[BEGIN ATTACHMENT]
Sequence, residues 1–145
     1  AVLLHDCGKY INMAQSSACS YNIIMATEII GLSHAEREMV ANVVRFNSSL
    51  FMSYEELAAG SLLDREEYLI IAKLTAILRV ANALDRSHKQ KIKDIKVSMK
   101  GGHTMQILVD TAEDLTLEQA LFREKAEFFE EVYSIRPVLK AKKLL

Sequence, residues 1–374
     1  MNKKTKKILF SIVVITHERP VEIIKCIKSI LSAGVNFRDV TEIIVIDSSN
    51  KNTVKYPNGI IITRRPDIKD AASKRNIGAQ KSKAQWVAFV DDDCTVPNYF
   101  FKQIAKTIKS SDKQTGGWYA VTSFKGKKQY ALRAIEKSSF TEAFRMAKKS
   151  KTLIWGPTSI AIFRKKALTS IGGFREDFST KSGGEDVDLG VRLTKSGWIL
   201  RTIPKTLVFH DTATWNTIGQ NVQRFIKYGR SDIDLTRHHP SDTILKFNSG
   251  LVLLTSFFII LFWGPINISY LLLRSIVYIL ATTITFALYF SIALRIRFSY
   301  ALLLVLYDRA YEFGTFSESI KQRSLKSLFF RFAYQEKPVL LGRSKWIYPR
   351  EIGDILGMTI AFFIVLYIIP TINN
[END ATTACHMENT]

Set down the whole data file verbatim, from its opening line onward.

Sequence, residues 1–145
     1  AVLLHDCGKY INMAQSSACS YNIIMATEII GLSHAEREMV ANVVRFNSSL
    51  FMSYEELAAG SLLDREEYLI IAKLTAILRV ANALDRSHKQ KIKDIKVSMK
   101  GGHTMQILVD TAEDLTLEQA LFREKAEFFE EVYSIRPVLK AKKLL

Sequence, residues 1–374
     1  MNKKTKKILF SIVVITHERP VEIIKCIKSI LSAGVNFRDV TEIIVIDSSN
    51  KNTVKYPNGI IITRRPDIKD AASKRNIGAQ KSKAQWVAFV DDDCTVPNYF
   101  FKQIAKTIKS SDKQTGGWYA VTSFKGKKQY ALRAIEKSSF TEAFRMAKKS
   151  KTLIWGPTSI AIFRKKALTS IGGFREDFST KSGGEDVDLG VRLTKSGWIL
   201  RTIPKTLVFH DTATWNTIGQ NVQRFIKYGR SDIDLTRHHP SDTILKFNSG
   251  LVLLTSFFII LFWGPINISY LLLRSIVYIL ATTITFALYF SIALRIRFSY
   301  ALLLVLYDRA YEFGTFSESI KQRSLKSLFF RFAYQEKPVL LGRSKWIYPR
   351  EIGDILGMTI AFFIVLYIIP TINN